Branding is often misunderstood as a name and a logo. It isn’t. At its core, branding is all about the stories that companies are made of and the feelings that telling them evokes. Its why most of us pay £20 more to run in a pair of Nike trainers; not because they make us run much faster, but because of the narrative that has been crafted. This is shown by their sales figures which, while unresponsive to actual product improvements, spiked 31 per cent in the days following their notorious Kaepernick brand campaign.
Why? Because it retold, for the millionth time, the story of fearless grit and determination that Nike has managed to infuse its brand with and, if we are honest, that we are all hoping will rub off on us with each purchase.
However, the world is changing, and brands can no longer control their own narrative with the occasional billboard or TV ad. Rather, we now live in an experience economy and interact with many of our favourite brands multiple times a day; literally touching Google’s and Apple’s services more than several times an hour. This means that the stories brands are composed of are no longer the ones they occasionally tell, but the sum of all of these interactions.
For example, Disney doesn’t mean what their corporate page says it does; it means something different to every single one of us and is dependent on every film we’ve watch, store we’ve entered and toy we’ve held.
In this new world, the concept of brand has been stretched so far that those telling the most compelling stories are now doing so with full sensory brands. Visually, this means brands that aren’t simply static logos but living, moving things that sit across everything a company does – known as their motional identities. Just as we recognise one friend’s slow lumber in comparison to another’s quick dart, Channel 4’s clunky and light movements are recognizable whichever on of their channels are using it.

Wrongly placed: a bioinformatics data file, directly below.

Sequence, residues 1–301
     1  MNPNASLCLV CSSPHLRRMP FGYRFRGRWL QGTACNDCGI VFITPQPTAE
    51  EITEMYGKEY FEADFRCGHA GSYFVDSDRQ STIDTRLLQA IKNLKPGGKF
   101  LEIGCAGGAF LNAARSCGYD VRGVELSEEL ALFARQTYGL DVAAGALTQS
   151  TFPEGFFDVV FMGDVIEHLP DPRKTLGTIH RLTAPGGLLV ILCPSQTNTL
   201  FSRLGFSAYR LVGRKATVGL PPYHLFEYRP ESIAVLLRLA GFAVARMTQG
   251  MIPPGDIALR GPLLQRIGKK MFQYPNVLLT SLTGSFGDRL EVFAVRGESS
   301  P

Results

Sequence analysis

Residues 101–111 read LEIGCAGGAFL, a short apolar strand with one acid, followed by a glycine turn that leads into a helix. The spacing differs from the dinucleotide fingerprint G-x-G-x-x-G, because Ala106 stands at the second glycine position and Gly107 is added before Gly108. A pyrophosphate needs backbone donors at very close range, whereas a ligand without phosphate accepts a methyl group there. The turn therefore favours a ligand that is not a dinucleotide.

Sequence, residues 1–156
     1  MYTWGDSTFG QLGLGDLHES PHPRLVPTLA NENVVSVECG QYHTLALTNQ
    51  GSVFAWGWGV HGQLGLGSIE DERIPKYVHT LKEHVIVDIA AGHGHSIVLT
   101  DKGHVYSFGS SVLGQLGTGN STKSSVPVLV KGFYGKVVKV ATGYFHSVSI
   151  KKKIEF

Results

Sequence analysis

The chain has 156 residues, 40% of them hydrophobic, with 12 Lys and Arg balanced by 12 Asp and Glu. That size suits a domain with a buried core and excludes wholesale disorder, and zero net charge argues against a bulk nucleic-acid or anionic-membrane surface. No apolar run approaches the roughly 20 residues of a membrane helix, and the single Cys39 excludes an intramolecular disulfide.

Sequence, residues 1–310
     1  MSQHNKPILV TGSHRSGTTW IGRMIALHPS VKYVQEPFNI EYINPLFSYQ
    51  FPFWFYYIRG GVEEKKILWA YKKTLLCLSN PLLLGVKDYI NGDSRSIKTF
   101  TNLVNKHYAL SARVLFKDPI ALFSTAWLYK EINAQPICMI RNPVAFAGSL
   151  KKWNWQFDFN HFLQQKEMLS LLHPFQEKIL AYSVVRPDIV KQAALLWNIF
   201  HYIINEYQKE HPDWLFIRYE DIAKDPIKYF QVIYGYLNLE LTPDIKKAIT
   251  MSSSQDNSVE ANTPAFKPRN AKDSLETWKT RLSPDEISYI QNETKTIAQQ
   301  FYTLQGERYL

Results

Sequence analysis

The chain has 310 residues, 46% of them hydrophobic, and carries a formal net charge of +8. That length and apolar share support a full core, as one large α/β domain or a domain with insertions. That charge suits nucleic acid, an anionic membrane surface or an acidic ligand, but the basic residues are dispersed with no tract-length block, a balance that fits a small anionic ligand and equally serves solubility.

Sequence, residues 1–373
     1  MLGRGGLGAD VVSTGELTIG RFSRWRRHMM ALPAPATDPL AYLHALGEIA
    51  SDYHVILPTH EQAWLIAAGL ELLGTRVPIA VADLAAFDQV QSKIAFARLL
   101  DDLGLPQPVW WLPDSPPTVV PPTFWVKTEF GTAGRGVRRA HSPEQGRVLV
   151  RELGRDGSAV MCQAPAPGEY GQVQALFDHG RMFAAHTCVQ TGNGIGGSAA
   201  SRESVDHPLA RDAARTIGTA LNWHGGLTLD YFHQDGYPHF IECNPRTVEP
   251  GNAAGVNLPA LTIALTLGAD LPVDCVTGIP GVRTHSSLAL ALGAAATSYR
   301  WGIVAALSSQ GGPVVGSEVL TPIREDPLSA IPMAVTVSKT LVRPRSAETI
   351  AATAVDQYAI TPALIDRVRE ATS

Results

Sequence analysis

Likewise, the British Heart Foundation epitomised this new approach with their rhythmic beat that ties all of their communications together with a common fluidity that’s as recognisable as any logo.
Taking this new understanding of branding further, some companies are also beginning to think about what their brands sound like – their sonic identities. This is absolutely key because, as voice assistants, podcasts and Spotify’s ad platform continue to take hold, the brands that will define the next decade are set to be the ones we can recognise with our ears as well as our eyes. Why? Because, McDonald’s famous ‘I’m Lovin It’ jingle or Intel’s unmistakable ‘audio logo’ mean that they can literally whisper into our ears as we run, cook or commute. Brands who only exist visually cannot.
For some brands though, this audification is not a choice but a necessity. For example, contactless payments which no longer require us to glance at the payment terminal are dissolving one of Mastercard’s key brand touchpoints. To adapt, the company have followed the likes of Visa, Xbox and Skype by releasing their first ‘sonic logo,’ a move aimed at trying to sustain their brands at time when their own innovations are parodoxically pushing them into the background.
Excitingly, new technology is also allowing brands to exist in an entirely new way – haptically. Thanks to the gods of Silicon Valley, we now all carry a phone in our pockets that 100 different companies can vibrate at the push of a button or, more intimately, a smartwatch that means they can quite literally tap us on the wrist. In a world of screens, this is an extremely personal way to communicate with a consumer and, with reported sales increases as high as 1000 per cent, appears to be a very sound investment indeed.
Puns aside, what ties all of these sensory brands together is that, just like any other story, we are no longer content to listen to brand stories in a single way. We want to hear them, touch them and see them move. We want to live alongside them in a way that technology now allows. And, now that they can, why wouldn’t they tap us on the wrist or whisper in our ears in the same way our friends do? Yet, as we make friends with these sensory brands, their old-fashioned rivals, shackled by their rigidity, will simply have to sit by and watch. Not smell or touch or hear, just watch.